IMAGE COURTESY : DAILY SABAH
The Mediterranean Basin is a climate change hotspot. Last month western Mediterranean region was hit by heatwaves across Spain, Portugal, Morocco and Algeria, Israel. Global warming in the region is expected to occur at rates 20% higher than the global average – 50% higher in summer in the Northern Mediterranean – under a fossil fuel-intensive emissions scenario.
According to the latest research report by World Weather Attribution, a science initiative that investigates the links between climate change and extreme weather events, this was impossible would have been nearly impossible without the influence of climate change.
The Mediterranean Basin is considered a climate-change hotspot because warming associated with climate change in the region is expected to occur at rates 20% higher than the global average, and 50% higher in summer in the Northern Mediterranean, under a fossil fuel-intensive emissions business as usual scenario, where countries continue to burn fossil fuels unabated. R Recent studies on future climate impacts have focused on a warming scenario called “RCP8.5”. This high-emissions scenario is frequently referred to as “business as usual”, suggesting that is a likely outcome if society does not make concerted efforts to cut greenhouse gas emissions.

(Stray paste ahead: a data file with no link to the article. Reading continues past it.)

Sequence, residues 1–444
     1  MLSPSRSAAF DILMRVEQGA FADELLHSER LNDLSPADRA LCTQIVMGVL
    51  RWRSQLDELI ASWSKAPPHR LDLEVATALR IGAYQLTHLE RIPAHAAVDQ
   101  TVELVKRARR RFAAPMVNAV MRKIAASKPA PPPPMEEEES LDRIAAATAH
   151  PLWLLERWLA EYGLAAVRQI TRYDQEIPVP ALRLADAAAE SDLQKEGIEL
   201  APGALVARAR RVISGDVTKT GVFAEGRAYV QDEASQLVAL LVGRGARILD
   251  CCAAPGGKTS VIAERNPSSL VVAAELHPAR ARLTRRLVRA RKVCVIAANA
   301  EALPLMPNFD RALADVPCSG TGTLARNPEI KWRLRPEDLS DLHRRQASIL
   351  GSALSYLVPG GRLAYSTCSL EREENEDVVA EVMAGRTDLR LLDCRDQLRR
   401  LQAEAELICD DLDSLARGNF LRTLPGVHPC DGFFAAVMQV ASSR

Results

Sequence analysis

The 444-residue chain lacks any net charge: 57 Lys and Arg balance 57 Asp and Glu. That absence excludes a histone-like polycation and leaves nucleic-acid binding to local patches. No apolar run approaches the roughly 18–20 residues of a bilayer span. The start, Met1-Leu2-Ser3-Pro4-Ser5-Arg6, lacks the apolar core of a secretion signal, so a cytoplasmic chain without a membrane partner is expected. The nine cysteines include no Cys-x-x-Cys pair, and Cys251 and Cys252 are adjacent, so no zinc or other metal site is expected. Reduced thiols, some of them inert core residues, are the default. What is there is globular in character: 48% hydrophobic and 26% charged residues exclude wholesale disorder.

Average summer temperatures in the Mediterranean Basin are expected to increase by up to 5°C by 2070-2100 under a high-emissions scenario (IPCC report), by around 4°C under an intermediate-emissions scenario (IPCC report), and by around 2.7°C under a low-emissions scenario (IPCC report). In the Iberian Peninsula and Morocco, a maximum summer temperature increase of 6.5°C is projected for the same period under the high-emissions scenario.
The sea level of the Mediterranean Sea is projected to rise by 7-12 cm by 2050 under an intermediate-emissions scenario (IPCC report), and under 3°C of warming could rise by as much as 1.1 m around 2100 (IPCC). Around 37% of coastal regions in the Mediterranean face moderate to high risk of erosion and flooding from sea-level rise and extreme events.
The writer of this article is Dr. Seema Javed, an environmentalist & a communications professional in the field of climate and energy